KIERSTEN BUTTERWORTH | DAILY EVERGREEN FILE
The Board of Regents unanimously approved a recommendation from the Housing and Dining Advisory Board to increase housing and dining rates on campus.
New rates will not exceed 2.3 percent for those in residence halls and 2 percent for residents in on-campus apartments, said Phil Weiler, vice president for marketing and communications. He said the board spent the 2018 fall semester and part of this semester looking at needs for the 2019-2020 upcoming academic year.
Rates depend on student input, economic projections and system demands, Weiler said. When looking at rates, members take into account future projects to build or renovate residence halls.
He said there will be a 5.9 percent increase for the employment of student workers due to the increase in the state’s minimum wage. There will be a 2 percent food increase and a 3.5 percent utility increase.
“We want to make sure we represent the needs of students,” Weiler said. “We want to make sure we’re just asking for what we need and that’s why we spend so much time with this advisory board.”
Weiler said a lot of research shows students are far more successful if they live on campus their first year because a college experience marks a big change academically and socially. It is important to focus on housing and dining on campus, he said, so students can establish these important connections.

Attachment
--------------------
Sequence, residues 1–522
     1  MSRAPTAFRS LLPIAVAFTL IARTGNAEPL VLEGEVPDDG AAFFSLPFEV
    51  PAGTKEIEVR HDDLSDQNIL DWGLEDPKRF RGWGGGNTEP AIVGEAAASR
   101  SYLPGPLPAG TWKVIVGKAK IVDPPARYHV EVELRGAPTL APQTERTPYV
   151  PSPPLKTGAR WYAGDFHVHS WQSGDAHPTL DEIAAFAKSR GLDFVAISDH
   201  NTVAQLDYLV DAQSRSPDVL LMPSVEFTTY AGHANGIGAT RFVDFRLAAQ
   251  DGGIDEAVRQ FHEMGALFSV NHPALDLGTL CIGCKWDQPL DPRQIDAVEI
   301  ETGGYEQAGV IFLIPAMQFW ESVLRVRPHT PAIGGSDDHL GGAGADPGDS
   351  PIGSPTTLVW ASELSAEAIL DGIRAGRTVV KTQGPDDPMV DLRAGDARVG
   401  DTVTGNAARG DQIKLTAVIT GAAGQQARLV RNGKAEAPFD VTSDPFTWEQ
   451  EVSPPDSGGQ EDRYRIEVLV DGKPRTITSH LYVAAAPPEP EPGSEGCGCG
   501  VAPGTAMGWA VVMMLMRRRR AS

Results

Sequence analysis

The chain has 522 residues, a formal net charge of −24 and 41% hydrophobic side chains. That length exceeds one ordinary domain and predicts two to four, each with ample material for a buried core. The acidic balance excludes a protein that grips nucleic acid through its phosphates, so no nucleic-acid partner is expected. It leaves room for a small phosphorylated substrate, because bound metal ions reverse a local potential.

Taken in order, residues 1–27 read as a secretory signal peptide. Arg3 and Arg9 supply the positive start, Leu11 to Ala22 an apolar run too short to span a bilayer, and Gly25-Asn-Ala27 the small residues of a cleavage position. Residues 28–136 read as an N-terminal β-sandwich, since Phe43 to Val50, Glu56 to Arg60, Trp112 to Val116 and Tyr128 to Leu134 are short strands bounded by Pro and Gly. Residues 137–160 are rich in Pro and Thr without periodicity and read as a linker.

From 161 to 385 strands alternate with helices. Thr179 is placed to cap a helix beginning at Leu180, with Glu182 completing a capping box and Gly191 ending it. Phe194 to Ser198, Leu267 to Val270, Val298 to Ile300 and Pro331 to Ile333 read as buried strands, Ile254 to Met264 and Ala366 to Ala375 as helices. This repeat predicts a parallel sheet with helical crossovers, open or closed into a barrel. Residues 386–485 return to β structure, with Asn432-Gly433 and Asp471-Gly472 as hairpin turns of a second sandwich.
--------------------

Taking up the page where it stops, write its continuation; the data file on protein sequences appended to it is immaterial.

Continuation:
“That’s why WSU requires most students to live on campus their first year,” Weiler said.
The Housing and Dining Advisory Board is comprised of eight student representatives and six staff members from WSU Housing and Dining, Weiler said. Over half of the group are students in order to guarantee the student body is being represented.
Marguerite Crockem, a senior and RHA representative on the Housing and Dining Advisory Board, said this increase will add to the overall well-being of students on campus. As an RHA representative, Crockem said she has heard what students want to see during their residency, such as cozier lounges and more dietary information in dining halls.
“The quality of the food will make people want to stay and connect with other students,” she said.
Crockem said the board voted to hire two on-call custodians who go into the residence halls at night for emergency cleanup situations.